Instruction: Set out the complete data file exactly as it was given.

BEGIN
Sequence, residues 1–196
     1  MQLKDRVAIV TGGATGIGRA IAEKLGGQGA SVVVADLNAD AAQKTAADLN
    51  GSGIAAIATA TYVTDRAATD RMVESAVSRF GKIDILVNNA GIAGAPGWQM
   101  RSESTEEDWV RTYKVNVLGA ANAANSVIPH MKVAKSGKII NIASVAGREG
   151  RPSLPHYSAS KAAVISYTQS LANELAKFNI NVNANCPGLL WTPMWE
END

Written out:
Sequence, residues 1–196
     1  MQLKDRVAIV TGGATGIGRA IAEKLGGQGA SVVVADLNAD AAQKTAADLN
    51  GSGIAAIATA TYVTDRAATD RMVESAVSRF GKIDILVNNA GIAGAPGWQM
   101  RSESTEEDWV RTYKVNVLGA ANAANSVIPH MKVAKSGKII NIASVAGREG
   151  RPSLPHYSAS KAAVISYTQS LANELAKFNI NVNANCPGLL WTPMWE